SEC charges Broadcom co-founders in stock options probe

LOS ANGELES (AP) -- Securities regulators on Wednesday charged Broadcom Corp. co-founders Henry T. Nicholas III and Henry Samueli with falsifying the company's reported income, leading to what is believed to be the largest accounting restatement to date because of backdating stock options.

A civil complaint filed by the Securities and Exchange Commission also charges former chief financial officer William J. Ruehle and general counsel David Dull. It seeks injunctions, unspecified monetary penalties as well as removing Samueli and Dull from their positions.

The four men are accused of violating federal securities laws by misrepresenting the dates on which stock options were granted to its executives and employees.

The SEC said that as a result of the scheme, Broadcom restated its financial results in January 2007 and reported more than $2 billion in additional compensation expenses.

"This egregious misconduct resulted in the largest accounting restatement to date arising from stock option backdating and warrants the significant sanctions sought from these individuals," said Linda Chatman Thomsen, director of the SEC's Division of Enforcement.

The SEC has reached civil settlements with eight companies, including Broadcom, and at least 30 former executives over improper options backdating since late 2006. At one point, the SEC was investigating more than 100 companies.

In addition, federal prosecutors have investigated scores of companies for options backdating, and at least 18 executives have been hit with criminal charges. Nine have pleaded guilty.

Samueli's attorney Gordon Greenberg said in a statement that a 2006 audit exonerated his client from any wrongdoing in the options backdating.

The SEC also "failed to acknowledge that Dr. Samueli has no accounting training and was never responsible for the processing or accounting of stock options," Greenberg said.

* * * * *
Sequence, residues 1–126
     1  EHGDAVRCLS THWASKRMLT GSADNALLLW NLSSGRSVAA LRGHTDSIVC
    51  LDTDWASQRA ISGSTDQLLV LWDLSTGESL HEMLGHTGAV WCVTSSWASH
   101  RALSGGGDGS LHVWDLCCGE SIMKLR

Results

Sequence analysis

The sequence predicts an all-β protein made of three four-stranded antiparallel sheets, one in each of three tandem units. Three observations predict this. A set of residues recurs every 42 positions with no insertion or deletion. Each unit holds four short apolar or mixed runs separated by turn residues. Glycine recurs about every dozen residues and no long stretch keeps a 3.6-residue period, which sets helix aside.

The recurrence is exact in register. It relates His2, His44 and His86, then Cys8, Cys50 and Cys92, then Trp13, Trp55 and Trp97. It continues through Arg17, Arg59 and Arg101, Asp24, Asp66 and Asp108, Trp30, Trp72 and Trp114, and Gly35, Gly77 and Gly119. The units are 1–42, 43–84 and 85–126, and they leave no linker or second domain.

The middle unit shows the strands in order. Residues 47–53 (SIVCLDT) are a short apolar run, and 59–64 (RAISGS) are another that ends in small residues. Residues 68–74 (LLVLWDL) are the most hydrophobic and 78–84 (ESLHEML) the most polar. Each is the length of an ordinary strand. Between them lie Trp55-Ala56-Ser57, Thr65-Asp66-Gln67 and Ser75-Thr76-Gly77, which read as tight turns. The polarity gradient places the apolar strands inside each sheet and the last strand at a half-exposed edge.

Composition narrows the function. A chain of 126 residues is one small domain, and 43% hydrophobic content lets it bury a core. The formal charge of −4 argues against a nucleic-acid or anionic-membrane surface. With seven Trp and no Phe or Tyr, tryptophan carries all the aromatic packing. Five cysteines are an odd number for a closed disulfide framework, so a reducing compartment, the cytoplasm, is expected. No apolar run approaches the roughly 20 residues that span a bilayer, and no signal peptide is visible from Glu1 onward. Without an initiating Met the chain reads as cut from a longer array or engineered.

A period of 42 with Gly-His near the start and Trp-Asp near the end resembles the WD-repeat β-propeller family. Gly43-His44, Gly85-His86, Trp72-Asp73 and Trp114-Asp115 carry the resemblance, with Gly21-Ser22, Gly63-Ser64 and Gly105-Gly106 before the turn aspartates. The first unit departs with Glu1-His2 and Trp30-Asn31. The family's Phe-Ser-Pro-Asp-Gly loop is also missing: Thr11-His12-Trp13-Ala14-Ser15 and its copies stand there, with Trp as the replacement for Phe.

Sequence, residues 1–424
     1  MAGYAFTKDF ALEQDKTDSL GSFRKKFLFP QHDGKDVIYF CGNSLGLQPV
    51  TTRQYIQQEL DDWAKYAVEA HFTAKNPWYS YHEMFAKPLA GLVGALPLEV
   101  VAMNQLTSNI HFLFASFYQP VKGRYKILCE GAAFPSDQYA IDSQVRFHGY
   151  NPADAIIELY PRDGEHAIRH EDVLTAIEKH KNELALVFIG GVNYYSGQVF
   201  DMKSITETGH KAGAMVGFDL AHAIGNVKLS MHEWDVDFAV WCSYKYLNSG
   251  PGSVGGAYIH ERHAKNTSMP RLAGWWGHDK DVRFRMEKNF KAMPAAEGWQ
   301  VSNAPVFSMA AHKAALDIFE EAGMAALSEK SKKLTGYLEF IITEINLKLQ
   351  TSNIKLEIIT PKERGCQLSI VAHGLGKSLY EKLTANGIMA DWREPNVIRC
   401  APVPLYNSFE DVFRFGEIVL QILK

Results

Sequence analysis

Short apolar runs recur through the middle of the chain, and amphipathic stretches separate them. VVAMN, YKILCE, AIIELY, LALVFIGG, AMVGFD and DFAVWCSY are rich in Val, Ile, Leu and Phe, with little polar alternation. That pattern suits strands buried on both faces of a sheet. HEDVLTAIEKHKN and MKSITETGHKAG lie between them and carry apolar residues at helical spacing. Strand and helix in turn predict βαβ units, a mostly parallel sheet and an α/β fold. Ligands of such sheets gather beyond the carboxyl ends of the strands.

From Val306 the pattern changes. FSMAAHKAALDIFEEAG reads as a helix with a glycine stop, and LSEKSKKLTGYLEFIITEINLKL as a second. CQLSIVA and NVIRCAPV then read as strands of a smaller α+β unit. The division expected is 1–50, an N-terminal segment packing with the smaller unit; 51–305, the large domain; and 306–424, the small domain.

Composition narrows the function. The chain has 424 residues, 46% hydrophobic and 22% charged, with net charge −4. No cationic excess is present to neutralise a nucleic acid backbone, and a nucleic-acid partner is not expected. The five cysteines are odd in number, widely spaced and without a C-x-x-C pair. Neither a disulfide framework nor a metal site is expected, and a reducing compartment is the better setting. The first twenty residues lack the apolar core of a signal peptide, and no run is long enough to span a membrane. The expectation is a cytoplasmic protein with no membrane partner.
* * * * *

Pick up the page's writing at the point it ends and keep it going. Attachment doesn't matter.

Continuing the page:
Ruehle's attorney, Richard Marmaro, also denied his client did anything illegal.

"Bill Ruehle denies the allegations in the SEC's complaint that he retroactively determined the grant dates for Broadcom's stock options or that he, or any of Broadcom's other senior executives, engaged in a scheme to defraud investors or misstate the company's financial statements," Marmaro said. "When the full truth comes out, we are confident that he will be fully vindicated."

Phone messages left for attorneys representing Nicholas and Dull were not immediately returned.

The SEC complaint filed in U.S. District Court claims the backdating scheme occurred between 1998 and 2003 in which the four men misrepresented the dates stock options were granted in the company.

The complaint also said Nicholas and Samueli served on a two-member option committee that approved up to 88 grants during that period, but didn't hold meetings on the dates the grants were supposedly approved.

Backdating stock options involves retroactively setting the exercise price to a low point in the stock's value to increase profits for an executive or employee when shares are sold.

If companies backdate options without properly disclosing and accounting for the move, it can cause profits to be overstated and taxes to be underpaid.

Samueli, 53, co-founded the semiconductor-maker with Nicholas in 1991. The two first met while working for defense contractor TRW Inc. Samueli is chairman and chief technical officer and owns nearly 7 percent of the company's stock, according to the SEC.

Nicholas, 48, served as CEO and president since Broadcom's inception until he resigned in 2003. Last month, his attorney Bill Hake said Nicholas had entered an alcohol rehabilitation program.

Ruehle, 65, joined the company in 1997 as vice president and chief financial officer and retired in 2006. Dull, 59, was named Broadcom's general counsel and vice president of business affairs in 1998.

The U.S. attorney's office also has launched an investigation into stock-option backdating at Broadcom. In a court hearing in January, federal prosecutors told a judge that Nicholas and Samueli were "unindicted potential co-conspirators" in the probe.

A former human resources executive, Nancy Tullos, pleaded guilty to obstruction of justice earlier this year and settled with the SEC for $1.4 million without admitting wrongdoing. She is cooperating in the ongoing U.S. attorney's investigation.

The Irvine-based company also agreed last month to pay $12 million to settle similar charges without admitting or denying the allegations.

Broadcom's shares slid 1.9 Percent, or 51 cents, to $26.96 in trading Wednesday.


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